Martin improves to ninth in Volta a la Comunitat Valenciana in Spain
‘Wait and see’ continues to be the position regarding the future of the Rás Tailteann
Ireland’s Daniel Martin: the stage between Quart de Poblet and Chera should suit the Irish climber. Photograph: Reuters/Stephane Mahe
Following his 10th on Wednesday’s opening stage of the Volta a la Comunitat Valenciana in Spain, Dan Martin improved a placing to ninth overall on Thursday’s second leg.
The 166km race in and around Alicante came down to a bunch gallop, where Italian Matteo Trentin (Mitchelton-Scott) prevailed over Nacer Bouhanni (Cofidis), Ben Swift (Team Sky) and the rest of the peloton. Martin rolled in as part of the same group, placing 66th. One of those ahead of him in the general classification lost over a minute and half, causing Martin to move up a place.
Friday’s stage between Quart de Poblet and Chera has a hillier finale, and this should suit the Irish climber, as should Saturday’s penultimate leg to Alcocebre.
At home, this week has seen continued talks over the future of the Rás Tailteann. The race has been seeking new sponsorship after An Post vacated the role as backer in 2017. It was held last year thanks to a contingency fund, but has been chasing new sponsorship for this May’s edition.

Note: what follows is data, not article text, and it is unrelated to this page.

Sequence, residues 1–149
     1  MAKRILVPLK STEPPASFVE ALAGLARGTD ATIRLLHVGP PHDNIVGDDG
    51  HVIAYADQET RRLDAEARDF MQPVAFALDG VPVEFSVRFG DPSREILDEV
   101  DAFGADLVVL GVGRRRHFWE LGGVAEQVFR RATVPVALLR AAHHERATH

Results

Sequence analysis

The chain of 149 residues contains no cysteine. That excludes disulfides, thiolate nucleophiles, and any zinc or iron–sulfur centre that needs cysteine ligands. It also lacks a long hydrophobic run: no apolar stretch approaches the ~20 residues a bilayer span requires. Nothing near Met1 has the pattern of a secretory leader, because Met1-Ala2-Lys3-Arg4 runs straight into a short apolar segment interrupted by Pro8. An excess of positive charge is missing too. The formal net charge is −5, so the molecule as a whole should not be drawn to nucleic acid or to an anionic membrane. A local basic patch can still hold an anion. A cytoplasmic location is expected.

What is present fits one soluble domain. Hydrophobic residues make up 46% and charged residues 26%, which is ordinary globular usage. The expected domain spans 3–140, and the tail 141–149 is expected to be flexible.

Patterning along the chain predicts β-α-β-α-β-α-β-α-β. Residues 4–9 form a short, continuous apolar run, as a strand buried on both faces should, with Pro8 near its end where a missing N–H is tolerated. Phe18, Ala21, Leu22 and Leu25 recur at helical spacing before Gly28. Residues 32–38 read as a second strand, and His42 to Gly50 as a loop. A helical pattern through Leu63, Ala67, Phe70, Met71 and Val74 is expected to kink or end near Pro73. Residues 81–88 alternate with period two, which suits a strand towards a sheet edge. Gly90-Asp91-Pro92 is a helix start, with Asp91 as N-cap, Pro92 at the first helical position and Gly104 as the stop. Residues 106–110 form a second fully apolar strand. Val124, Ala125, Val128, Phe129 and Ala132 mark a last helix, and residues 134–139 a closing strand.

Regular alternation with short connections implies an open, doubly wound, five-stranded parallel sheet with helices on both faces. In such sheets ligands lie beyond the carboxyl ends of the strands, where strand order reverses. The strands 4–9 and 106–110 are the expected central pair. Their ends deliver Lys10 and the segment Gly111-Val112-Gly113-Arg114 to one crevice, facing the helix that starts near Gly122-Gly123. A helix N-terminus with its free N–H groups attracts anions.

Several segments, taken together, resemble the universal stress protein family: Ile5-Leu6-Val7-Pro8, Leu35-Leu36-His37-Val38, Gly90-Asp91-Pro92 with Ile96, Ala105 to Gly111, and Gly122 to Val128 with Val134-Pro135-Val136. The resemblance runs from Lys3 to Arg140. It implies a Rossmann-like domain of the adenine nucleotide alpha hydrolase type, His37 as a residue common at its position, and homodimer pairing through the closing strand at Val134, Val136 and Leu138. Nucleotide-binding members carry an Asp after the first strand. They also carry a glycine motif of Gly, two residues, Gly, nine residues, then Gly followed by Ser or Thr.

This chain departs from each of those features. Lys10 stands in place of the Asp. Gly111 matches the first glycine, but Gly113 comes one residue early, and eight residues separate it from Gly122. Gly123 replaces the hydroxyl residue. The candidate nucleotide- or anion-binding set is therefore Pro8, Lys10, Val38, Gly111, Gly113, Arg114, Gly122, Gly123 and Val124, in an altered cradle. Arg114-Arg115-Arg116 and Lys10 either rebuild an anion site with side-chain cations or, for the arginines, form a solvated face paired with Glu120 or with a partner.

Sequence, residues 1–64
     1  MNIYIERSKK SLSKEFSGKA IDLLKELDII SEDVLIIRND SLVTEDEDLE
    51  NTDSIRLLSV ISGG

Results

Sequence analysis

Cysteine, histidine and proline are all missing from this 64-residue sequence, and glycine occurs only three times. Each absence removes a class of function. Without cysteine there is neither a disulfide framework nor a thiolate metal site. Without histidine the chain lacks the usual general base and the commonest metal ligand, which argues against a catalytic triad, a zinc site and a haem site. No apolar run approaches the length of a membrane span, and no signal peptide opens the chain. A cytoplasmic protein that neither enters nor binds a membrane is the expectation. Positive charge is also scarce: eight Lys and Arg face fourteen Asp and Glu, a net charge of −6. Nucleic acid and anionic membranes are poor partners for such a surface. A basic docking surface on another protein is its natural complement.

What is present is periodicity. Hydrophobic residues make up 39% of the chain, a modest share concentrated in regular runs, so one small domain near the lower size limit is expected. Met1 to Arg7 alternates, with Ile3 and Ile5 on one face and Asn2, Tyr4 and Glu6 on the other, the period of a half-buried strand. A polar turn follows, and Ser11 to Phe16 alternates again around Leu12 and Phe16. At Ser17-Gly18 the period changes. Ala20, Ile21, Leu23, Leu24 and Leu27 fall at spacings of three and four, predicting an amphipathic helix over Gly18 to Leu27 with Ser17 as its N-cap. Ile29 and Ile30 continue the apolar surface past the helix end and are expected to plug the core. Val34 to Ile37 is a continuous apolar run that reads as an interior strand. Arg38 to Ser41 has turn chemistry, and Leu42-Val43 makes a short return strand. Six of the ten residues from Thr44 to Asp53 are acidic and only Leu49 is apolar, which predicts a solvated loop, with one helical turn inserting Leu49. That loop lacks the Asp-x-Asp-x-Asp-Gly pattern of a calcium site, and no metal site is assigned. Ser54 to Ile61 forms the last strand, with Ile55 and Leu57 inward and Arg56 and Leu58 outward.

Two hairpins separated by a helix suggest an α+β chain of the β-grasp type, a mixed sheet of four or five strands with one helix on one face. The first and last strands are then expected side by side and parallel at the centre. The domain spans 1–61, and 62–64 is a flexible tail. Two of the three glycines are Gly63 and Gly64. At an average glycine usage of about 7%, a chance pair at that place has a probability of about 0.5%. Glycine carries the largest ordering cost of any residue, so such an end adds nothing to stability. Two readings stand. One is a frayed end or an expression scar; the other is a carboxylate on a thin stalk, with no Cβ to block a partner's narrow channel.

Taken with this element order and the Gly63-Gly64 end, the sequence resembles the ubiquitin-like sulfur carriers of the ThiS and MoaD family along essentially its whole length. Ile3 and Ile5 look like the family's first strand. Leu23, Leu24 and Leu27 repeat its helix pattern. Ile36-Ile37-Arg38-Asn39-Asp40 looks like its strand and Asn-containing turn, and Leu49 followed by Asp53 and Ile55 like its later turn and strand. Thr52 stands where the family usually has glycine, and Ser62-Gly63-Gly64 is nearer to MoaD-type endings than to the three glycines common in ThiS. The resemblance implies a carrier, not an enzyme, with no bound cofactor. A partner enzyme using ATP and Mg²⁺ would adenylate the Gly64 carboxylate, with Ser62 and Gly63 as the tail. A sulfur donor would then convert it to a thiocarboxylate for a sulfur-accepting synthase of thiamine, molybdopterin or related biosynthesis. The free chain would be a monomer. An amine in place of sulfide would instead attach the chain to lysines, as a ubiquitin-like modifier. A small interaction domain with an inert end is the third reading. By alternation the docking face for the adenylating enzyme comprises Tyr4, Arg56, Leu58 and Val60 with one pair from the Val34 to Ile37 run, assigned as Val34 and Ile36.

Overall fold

The organisers had been talking to two companies in recent months. Discussions with a US-based company ultimately proved fruitless, at least for 2019, while an Irish company is yet to give a final decision. The clock is ticking in terms of the time needed to organise the world-ranked event this year. Race director Eimear Dignam had hoped to announce a final decision long before now, but remains in limbo.
“There have been discussions at Government level this week but it hasn’t led to anything as yet,” she told The Irish Times on Thursday. “People appreciate the importance of the event, and so we will wait and see. We are still waiting for a final yay or nay from the Irish company, which should come early next week.”
The race is a world-ranking event, and attracts a large number of international teams, as well as a high standard of domestic competitors. Potential entrants are all keen to know if it will take place, as are those who support the event and the sport, but Dignam believes it is important to give every chance for it to proceed.
“We understand people’s frustrations and that they don’t know if the race will go ahead or not. But if it takes another week to get a positive result, that is what it will take. We are letting things drag on in the hope of a good outcome for what is a historic and very popular sporting event.”